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Restaurants, like almost all businesses, are feeling the pinch of this recession. According to trade group figures, in 2008 the number of restaurants nationally fell for the first time this decade, and 2009 is not expected to be any better. Another group, the National Restaurant Association, projects that restaurant sales nationally will fall 1 percent this year compared to last.
To get a sense of how the down economy is affecting the business in Boston, WBUR sat down with Roger Berkowitz, the president and CEO of one of the city's most famous restaurant chains: Legal Seafoods.
Berkowitz started as a fry cook and remembers the long-ago era when the fish and chips cost 99 cents. With wait-staff and chefs working around us, we met Berkowitz at the Legal Seafoods at Boston's Long Wharf, right next to the New England Aquarium, where the fish and chips now runs $16.
You've been in the family business since you were a young boy. Your father, George Berkowitz, opened the first "Legal" in 1968. How does this economic downturn compare to the ones you've experienced over the decades in the family business?
LEGAL SEAFOODS PRESIDENT ROGER BERKOWITZ: This one's pretty democratic; it's hitting everybody. In the past, it might have hit automobiles, it might have hit travel, it might have hit restaurants, but here it's really impacting everybody.
So how has it impacted you? How has it impacted Legal Seafoods?
BERKOWITZ: There are simply too many restaurants for the number of people that can afford to eat out. So, people are trying to make choices — I think if you ate out four or five nights a week in the past, you might be eating out two or three nights a week now.
This is, you know, almost Darwin's theory of survival of the fittest. People are making choices based on where they see the values. So it's really incumbent on any of us that really want to survive and potentially pick up market share during this period.
For the diners, does that mean that you find more people ordering the below-$20 rainbow trout, as opposed to the $42 Alaskan crab legs?
BERKOWITZ: You know, it's interesting, I think it's cutting both ways, Bob. I think that there is a certain segment that is used to spending more money — so I think we're getting those people that are actually spending more — but on the other end, the people that can't afford as much — they're coming in and ordering less expensive entrees and maybe, instead of a bottle of wine, glasses of wine.
Has it changed your menu?
BERKOWITZ: You know, certainly, I'm looking at this and saying, "Okay, how can I compete with less-expensive venues, and how can I compete with people who might be bringing their lunches home?" So, we're doing things, as an example, the endless cup of chowder and salad for $8.95.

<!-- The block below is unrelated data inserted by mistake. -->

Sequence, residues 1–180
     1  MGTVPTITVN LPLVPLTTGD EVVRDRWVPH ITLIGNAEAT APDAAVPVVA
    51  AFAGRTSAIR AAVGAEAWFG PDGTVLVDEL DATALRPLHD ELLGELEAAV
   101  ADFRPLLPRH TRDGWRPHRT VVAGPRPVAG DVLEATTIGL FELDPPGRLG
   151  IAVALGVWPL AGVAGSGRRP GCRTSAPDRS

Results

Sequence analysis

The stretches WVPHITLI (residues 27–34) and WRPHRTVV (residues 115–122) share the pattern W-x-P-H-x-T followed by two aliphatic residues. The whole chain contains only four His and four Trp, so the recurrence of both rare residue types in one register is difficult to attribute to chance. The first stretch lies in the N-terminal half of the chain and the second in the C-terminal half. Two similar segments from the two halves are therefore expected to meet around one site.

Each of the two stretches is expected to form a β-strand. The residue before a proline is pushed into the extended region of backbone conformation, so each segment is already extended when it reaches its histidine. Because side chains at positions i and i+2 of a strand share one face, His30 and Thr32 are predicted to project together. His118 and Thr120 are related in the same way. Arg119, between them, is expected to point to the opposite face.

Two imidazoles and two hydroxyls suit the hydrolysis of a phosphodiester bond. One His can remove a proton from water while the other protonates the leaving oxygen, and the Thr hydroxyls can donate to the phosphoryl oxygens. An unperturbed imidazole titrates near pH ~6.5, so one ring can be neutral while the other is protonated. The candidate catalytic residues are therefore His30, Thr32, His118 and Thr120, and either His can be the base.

Is traffic down?
BERKOWITZ: Traffic is down a little bit, but relative to the competitive set out there, I like to say we're the tallest of the seven dwarves.
And what does that mean?
BERKOWITZ: I think that the restaurant industry as a whole has been impacted. We have been impacted a little less than a lot of our counterparts.
The Massachusetts Restaurant Association says 2008 was a dismal year. Was it not "dismal" for you, just down?
BERKOWITZ: Through September it was actually a pretty good year. I think when the stock market hit that blip and it was sort of panic, that's when it started to take a bit of a dive. So, we ended up just under what we did last year. But, we're starting to see a slight rebound right now.
You have 32 restaurants from Massachusetts to Florida. Is any geographic area a little worse off than or a little better off than another?
BERKOWITZ: It's cutting both ways. I think the most difficult economic impact is in Florida. Conversely, the Washington, D.C., area is actually faring better than the others. And Boston isn't bad.
As you look at the performance of individual restaurants, have you had to contemplate the possibility of maybe pulling the plug on one or more?
BERKOWITZ: We have three restaurants in Florida, but two of our leases have come up for renewal there, and so we've chose not to renew two of them.
How does what's happening now in the economy change things when your fishbuyers — or when you — go out and consider what fish you're buying for the day?
BERKOWITZ: We try to leverage the best-buying opportunity for the guests. So, in other words, if all of a sudden the pressure is off codfish — well, let's run some features on codfish. Let's get codfish in here and make sure that our guests can take advantage of it. So, if I can buy better, I'm going to reflect that on the entree.
Look ahead. How do you think the rest of 2009 is going to go? Maybe even more importantly, how do you think the tourist season — which begins unofficially in a couple of weeks, starting with Memorial Day weekend — is going to go?
BERKOWITZ: The price of gas is down, so I think that there'll be a lot of people driving to the Northeast. And I think that there are a lot of interesting venues — from museums and sports teams and whatnot. So I think that we will see a lot of Americans and perhaps Canadians for this summer. In terms of how the year might end up, I'm cautiously optimistic. And I think we're going to see a recovery in 2010, maybe not the first quarter but certainly by the second quarter.
Any possibility of returning to the 99-cent fish and chips?
BERKOWITZ: Uhh (Laughs). I think the only time we'll return to the 99-cent fish and chip is if someone comes out with a study saying, "Fish is bad." And there's so much fish out there that no one knows what to do with it. Just the opposite's coming out in terms of studies. So I think seafood as an expensive protein has gone away.
This program aired on May 12, 2009.
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